HERE’S A STORY where – like the best of cinema – the idea and the style of its execution are so wedded together that you can’t imagine one without the other. Charlie Kauffman (Synedoche, New York, Eternal Sunshine of the Eternal Mind, Adaptation, Being John Malkovitch etc) has always delivered deeply philosophical movies that slam us into his wild, weird imagination.
In Anomalisa, using a style of puppetry that’s both hyper-real and clearly ‘false’ (we see the hinge points in the faces), and with one core voice (that of Tom Noolan’s) as the voice of all the characters, male and female, but for the two central protagonists, the movie makes us feel that we’re being led through a story entirely from within the consciousness of the lead character, Michael Stone (voiced by David Thewiis).
And David’s consciousness is… fucked, to put it politely. He is a totally demotivated motivational speaker newly arrived in Cincinnati to give a speech on motivating better service. Go figure. We get a perspective of his emotional state from the very beginning when he’s in the aircraft en route to Cincinnati. He glances through the window to the turbulent clouds outside and notices another aircraft, just like the one he’s in, flying alongside. One minute it’s there; the next minute it’s gone. Perhaps this is David himself…physically present, but emotionally, spiritually gone, like the vanishing aircraft.
We follow David’s progress almost in real time as he arrives, engages in banal chit chat with a taxi driver (“check out the chilli” he tells him) and checks in to a typical, faceless, soulless hotel. (It’s called the Fregoli Hotel…which is actually the name of the disease David’s suffering from in which people all merge into the same person). He has a perfunctory phone call with his wife and son, from whom he clearly feels estranged, and then, having gotten over that, he calls up an old girlfriend, Bella (who he’d unceremoniously dumped eleven years ago). They meet in the hotel bar. She’s confused, concerned about the added pounds she put on, depressed, seeking out some sort of explanation for their peremptory separation, not sure why he called her up etc. All as you’d expect from a meeting of this sort. But her voice and the voice of the waiter bringing the drinks is the same voice. It’s as if to David, everyone has become the same person. Even meaningless conversations between different people are repeated verbatim (he is urged to try the chilli by multiple persons).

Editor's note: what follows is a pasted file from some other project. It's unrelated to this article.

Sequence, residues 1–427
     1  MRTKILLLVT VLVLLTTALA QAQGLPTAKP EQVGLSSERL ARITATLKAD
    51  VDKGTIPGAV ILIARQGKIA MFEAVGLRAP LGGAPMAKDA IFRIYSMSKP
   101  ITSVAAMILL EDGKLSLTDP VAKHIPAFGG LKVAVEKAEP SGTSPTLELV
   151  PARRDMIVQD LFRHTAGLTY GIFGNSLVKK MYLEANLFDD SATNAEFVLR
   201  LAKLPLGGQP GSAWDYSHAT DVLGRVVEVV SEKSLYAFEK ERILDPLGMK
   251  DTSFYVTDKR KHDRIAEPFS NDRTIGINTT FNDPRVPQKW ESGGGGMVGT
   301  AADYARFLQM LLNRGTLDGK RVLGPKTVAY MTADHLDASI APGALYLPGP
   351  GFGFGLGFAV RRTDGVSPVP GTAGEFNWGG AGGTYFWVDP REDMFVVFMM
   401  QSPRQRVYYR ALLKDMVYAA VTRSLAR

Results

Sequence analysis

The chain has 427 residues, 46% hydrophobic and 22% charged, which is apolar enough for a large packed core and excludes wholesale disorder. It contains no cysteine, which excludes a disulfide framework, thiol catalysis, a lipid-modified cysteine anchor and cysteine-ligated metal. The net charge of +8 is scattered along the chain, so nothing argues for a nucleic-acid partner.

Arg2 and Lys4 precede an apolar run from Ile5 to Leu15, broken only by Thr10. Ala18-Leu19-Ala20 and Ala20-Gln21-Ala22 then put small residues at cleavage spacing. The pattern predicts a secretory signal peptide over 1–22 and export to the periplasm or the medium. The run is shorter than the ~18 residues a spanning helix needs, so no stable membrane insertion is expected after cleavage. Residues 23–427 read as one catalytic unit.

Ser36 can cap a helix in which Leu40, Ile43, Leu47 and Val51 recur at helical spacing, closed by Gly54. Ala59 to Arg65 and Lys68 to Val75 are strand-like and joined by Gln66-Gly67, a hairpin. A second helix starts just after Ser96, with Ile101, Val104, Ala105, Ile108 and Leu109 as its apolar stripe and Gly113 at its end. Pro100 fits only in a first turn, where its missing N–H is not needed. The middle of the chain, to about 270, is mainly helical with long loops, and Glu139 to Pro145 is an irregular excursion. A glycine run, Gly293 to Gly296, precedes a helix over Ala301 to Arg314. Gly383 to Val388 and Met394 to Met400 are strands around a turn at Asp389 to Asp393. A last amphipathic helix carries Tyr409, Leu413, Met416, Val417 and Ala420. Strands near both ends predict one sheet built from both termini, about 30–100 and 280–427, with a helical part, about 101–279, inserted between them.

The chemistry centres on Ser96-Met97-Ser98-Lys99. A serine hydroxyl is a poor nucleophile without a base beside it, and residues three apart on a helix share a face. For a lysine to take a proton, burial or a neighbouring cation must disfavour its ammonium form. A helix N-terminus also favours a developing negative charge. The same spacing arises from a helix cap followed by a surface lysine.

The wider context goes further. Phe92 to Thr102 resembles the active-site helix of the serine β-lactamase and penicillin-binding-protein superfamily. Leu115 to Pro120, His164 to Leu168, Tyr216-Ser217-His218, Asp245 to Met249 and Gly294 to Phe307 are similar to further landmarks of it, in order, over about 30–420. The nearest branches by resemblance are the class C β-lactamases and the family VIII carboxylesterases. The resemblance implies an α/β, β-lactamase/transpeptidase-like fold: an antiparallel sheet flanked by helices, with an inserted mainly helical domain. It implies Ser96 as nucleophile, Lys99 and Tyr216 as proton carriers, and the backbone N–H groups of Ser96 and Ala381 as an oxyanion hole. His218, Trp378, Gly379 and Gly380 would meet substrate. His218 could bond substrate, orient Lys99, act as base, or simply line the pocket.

His world has been reduced to a simple binary state: David and non-David; ‘me’ and ‘non-me’.
But they are also all, like him, faceless puppets (and at one point in a dream, his own face, his prepared mask, falls off, revealing the inner core of a frozen grin/grimace.). To him, and despite their past, Bella’s not anyone special; just another inhabitant in his world of interchangeable beings. No wonder, he doesn’t seem to be able to compute her emotional trauma…if all people are the same, all emotions must be the same as well… all equally meaningless, equally irrelevant. Only the physical intimacy of sex (which really is all he’s looking for) can, possibly lift him out of his funk, his extended breakdown.
And then, in search of a voice that he hears outside his room (it’s a different voice…the potential of meeting someone ‘real’) as he bangs on the doors of the hotel’s endless nightmare corridor, he meets Lisa. She’s a star struck fan, sharing a room with her more glam friend. Lisa is (to him) shy, retiring, with about zero self esteem and mortally embarrassed by a scar on her face, which she hides with a cascade of hair. Her attempts to hide her scar/face attract her to him. Here’s someone who has a ‘real’ face. She also – literally – has her own voice (that of Jennifer Jason Leigh).
She’s an anomaly. Hence the title.
Lisa introduces a new dimension to the troubled consciousness of our ‘hero’. To the world of ‘me’ and ‘non-me’ now comes ‘her’.
It’s love at first sight…someone who, if only fleetingly, gets him away from himself (which may be all that love is). He peels her away from her friend and they make love. And that’s pretty weird: not people making love, but people-esque puppets making love. But sex is not the desired, romantic route that can transform his perspective. When it comes down to it, it’s just sex. And the morning after, what seemed like an anomaly, an existential liberation from sameness, is revealed to be nothing more than the icky intimacy of someone with scrambled egg in her mouth as she talks.
This is Kauffman’s continued genre of what might be called intimate dystopia: a perspective not of a future world in collapse, but of a present when the human consciousness is reduced to emptiness… to the triteness of empty jingles and lives lived by the dictates of how-to books.
And the fact that it’s all told through puppetry makes it weirdly watchable, because every gesture and unconscious tic become flashes of keen observation…we become that much more aware of the characters physical presence even as we’re slumming it in their mental world. Far from distracting the viewer, the use of animation/puppetry both enhances and changes how we ‘read’ the story and engage with the ideas at play.
It’s extraordinary, and quite brilliant.
And much praise must also be paid to Duke Johnson (a specialist in stop motion animation who shares directorial credits) and his specialist cinematographer Joe Passarelli for this very special treat of a movie